What is ISOFIX?
ISOFIX stands for ‘International Standard Organisation Fix’ and allows you to safely secure child and baby seats into your car.
In the UK, ISOFIX has been a legal requirement in all new cars since 2014, but some older cars also include the feature – just look out for the ISOFIX car seat labels on your seats.
ISOFIX child seats come with anchoring points that fit into the designated slots in your car, and easily lock into place to ensure your car seat is safe and secure.
Does my car have ISOFIX?
If your car was made during or after 2014, then it’s likely that it will have ISOFIX car seat points.
Two-seater models are the exception to the rule and are not required to have ISOFIX points, but some do still include them.
If you’re looking to buy a car on cinch and need ISOFIX car seat points, take a look at the ‘Car features’ section to make sure models have ISOFIX car seat points if you need them.
You can also take a look at your car’s handbook to find details on the ISOFIX car seat points.
What is an ISOFIX car seat and how do you fit them?
An ISOFIX carseat is a specific child seat to use in a vehicle that locks directly into the anchor points. Non-ISOFIX carseats are usually secured by the car's seatbelt.
It’s usually straightforward to fit a car seat into your vehicle’s ISOFIX points, but make sure you reference the seat’s instruction manual to ensure you’re getting the safest and most secure fit. All seats are different, so it’s important you look at the individual guidance.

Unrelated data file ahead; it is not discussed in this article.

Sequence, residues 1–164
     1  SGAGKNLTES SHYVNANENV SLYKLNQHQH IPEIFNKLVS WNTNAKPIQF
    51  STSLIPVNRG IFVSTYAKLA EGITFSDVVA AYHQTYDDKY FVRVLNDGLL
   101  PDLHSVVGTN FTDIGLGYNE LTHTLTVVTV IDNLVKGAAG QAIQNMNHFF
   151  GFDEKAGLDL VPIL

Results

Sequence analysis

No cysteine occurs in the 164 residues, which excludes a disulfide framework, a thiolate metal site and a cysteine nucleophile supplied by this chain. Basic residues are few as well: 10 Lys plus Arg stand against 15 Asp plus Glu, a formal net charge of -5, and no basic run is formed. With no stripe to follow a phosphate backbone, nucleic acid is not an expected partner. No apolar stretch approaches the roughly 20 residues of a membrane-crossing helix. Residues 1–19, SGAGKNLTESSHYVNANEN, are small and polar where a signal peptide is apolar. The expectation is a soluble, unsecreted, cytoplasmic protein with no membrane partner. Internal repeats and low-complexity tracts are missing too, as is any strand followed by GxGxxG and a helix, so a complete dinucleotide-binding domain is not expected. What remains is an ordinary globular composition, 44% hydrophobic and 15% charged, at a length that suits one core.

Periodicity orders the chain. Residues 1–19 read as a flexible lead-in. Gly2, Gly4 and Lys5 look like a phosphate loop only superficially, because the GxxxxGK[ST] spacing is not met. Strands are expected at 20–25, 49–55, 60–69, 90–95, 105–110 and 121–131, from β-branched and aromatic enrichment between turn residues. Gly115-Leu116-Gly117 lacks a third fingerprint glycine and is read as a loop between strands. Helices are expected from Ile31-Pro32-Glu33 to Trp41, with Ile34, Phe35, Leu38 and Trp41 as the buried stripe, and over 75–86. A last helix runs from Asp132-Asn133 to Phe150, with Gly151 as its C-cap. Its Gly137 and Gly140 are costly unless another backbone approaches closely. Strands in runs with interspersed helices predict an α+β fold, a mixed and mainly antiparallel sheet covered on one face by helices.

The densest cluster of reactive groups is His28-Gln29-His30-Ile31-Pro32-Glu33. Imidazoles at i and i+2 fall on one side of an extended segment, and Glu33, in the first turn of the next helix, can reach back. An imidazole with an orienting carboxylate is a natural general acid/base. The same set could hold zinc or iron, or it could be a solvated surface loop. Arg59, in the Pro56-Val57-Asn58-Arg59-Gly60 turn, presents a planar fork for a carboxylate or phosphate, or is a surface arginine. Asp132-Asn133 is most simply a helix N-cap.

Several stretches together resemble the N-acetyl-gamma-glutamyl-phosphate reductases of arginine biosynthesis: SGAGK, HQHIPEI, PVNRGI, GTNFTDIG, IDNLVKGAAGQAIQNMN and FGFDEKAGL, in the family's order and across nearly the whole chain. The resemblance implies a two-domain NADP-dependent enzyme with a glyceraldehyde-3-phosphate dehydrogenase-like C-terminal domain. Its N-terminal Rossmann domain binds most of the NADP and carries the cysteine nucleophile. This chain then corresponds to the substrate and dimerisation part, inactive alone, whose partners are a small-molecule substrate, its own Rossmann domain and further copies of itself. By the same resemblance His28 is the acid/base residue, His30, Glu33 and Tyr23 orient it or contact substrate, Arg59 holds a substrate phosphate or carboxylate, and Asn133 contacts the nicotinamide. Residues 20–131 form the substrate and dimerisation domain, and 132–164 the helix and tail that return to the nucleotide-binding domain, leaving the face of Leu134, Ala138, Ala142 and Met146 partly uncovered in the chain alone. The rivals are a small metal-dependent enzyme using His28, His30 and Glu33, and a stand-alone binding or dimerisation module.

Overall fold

Usually, fitting an ISOFIX car seat can be done in a few simple steps:
Locate the ISOFIX child seat point in your car and line up the metal jaws that are attached to ISOFIX car seats and bases
Push the jaws into the ISOFIX point until you hear a click. This means that jaws have closed and are locked into the anchor points
Check the seat’s visual indicators to make sure the seat is properly fitted
The seat may also have a foot or a top tether that is there for added support. The foot will usually need to be extended to the floor with no underfloor storage, or the top tether must be pulled over the top of the seat and secured into the dedicated mounting point
Give the seat a test by pulling the internal harness
Remember – always check the manufacturer instructions for any car seat you are fitting into your vehicle.
Is ISOFIX safer?
ISOFIX is safer to use than traditional seatbelt securing methods if you follow the instructions for the correct fitting.
ISOFIX secures the seat into place and keeps it locked into position unlike seatbelt, which still allow for sliding and movement – especially in a collision.
Seatbelts can still be a safe way of securing a child seat, but there’s a chance they may not be fitted correctly or as rigidly as the ISOFIX fixing.
The larger room for error with seatbelt fitment can make them a less secure choice, while ISOFIX seats are easier to fit properly.
Types of ISOFIX car seats
There are three types of ISOFIX car seats on offer that can be fitted to the points in your car.
Universal ISOFIX seats: fit all new cars, with a supporting foot or top tether to keep seat secure
Semi-universal ISOFIX seats: the same as universal seats but might not fit all cars, so check before purchasing
Vehicle-specific ISOFIX seats: these are specific to certain cars (as you may have guessed by the name)
Which cars have more than two ISOFIX points?
You’ll usually find that most modern cars have two ISOFIX car seat points, but this can be a pain if you want to have more child seats securely fitted at the same time.
The Peugeot 3008 is a brilliant family car that offers three ISOFIX points and received a full five-star Euro NCAP safety rating, so it’s ideal for travelling with kids.
For an electric option, the Nissan Leaf also offers three ISOFIX points and bootspace of up to 435 litres, depending on the model.
For something a bit flashy, the Land Rover Discovery offers five ISOFIX car seat points with a very spacious cabin. This is the one to pick if you like a premium feel as well as plenty of space.